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On Contact: ‘Foregone’ – the power of fiction

Russell Banks in books such as ‘Continental Drift’, ‘Affliction’ and ‘The Sweet Hereafter’ has long chronicled the struggles and inner torment that come with being a member of our dispossessed working class. In his new novel, ‘Foregone’, he turns his lens on the inner life of artists, in this case a well-known documentary filmmaker Leonard Fife. Fife, who fled to Canada, supposedly to avoid the draft, is dying from the ravages of cancer. He is confined to a wheelchair, wracked by pain, pumped full of medications, and unable to eat solid food. His final desire, in front of a camera, is to expose to his wife of 40 years the lies and myths that he has spun to create a fictional persona, perhaps a curse of all who become public figures. He confesses in his final hours to two previously failed marriages and two children he left behind before fleeing to Canada, not to avoid the draft but to escape the emptiness and purposelessness of his existence. The novel explores the tricks of memory, the way proximity to wealth suffocates and corrupts us, the mutations of self that estrange us from those we once knew and loved, the deep fear we all have of being unloved, and the heady idealism that is at once the charm and curse of youth.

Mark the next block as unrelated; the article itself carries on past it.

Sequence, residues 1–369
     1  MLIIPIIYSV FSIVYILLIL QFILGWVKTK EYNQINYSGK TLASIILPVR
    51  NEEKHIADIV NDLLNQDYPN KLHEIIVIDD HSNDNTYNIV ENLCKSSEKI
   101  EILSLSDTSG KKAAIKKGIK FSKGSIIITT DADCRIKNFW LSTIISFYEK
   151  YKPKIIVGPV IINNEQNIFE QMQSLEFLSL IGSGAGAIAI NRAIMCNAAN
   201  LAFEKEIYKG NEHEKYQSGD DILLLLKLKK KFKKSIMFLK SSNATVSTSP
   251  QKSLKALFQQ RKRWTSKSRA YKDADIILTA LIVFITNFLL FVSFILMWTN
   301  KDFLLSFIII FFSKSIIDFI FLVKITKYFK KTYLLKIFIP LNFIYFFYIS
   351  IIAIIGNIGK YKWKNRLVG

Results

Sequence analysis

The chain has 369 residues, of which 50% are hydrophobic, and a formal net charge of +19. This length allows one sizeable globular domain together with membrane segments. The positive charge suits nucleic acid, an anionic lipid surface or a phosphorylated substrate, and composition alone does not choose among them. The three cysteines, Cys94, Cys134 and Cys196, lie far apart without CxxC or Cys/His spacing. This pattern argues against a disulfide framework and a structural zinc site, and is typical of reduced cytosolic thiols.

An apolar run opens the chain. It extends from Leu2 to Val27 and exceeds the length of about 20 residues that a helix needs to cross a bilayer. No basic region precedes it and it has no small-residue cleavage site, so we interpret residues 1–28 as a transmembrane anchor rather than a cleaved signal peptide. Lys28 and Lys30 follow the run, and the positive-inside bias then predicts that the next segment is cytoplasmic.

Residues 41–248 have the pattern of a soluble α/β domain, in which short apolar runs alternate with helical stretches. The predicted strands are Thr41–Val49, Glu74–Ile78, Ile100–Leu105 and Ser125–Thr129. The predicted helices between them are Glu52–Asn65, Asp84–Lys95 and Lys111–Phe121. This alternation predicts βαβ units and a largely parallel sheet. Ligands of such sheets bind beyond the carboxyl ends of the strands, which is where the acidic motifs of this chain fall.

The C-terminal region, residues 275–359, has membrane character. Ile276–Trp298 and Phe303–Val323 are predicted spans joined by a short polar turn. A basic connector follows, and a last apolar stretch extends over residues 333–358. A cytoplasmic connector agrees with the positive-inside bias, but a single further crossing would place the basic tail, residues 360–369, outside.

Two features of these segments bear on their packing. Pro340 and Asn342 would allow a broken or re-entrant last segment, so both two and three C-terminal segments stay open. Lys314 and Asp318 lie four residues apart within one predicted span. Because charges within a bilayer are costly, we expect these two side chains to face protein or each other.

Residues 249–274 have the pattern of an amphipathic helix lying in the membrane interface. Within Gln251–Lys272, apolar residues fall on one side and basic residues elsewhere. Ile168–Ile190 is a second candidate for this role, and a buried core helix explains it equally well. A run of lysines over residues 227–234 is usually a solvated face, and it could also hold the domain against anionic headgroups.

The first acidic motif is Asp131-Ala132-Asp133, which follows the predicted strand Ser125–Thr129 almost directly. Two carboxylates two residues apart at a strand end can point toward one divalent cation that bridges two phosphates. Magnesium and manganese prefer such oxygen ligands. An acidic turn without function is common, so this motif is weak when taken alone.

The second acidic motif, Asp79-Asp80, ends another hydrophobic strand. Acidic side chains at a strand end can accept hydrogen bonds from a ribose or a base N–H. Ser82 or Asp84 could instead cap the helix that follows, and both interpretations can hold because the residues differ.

Russell Banks’s new book is ‘Foregone’.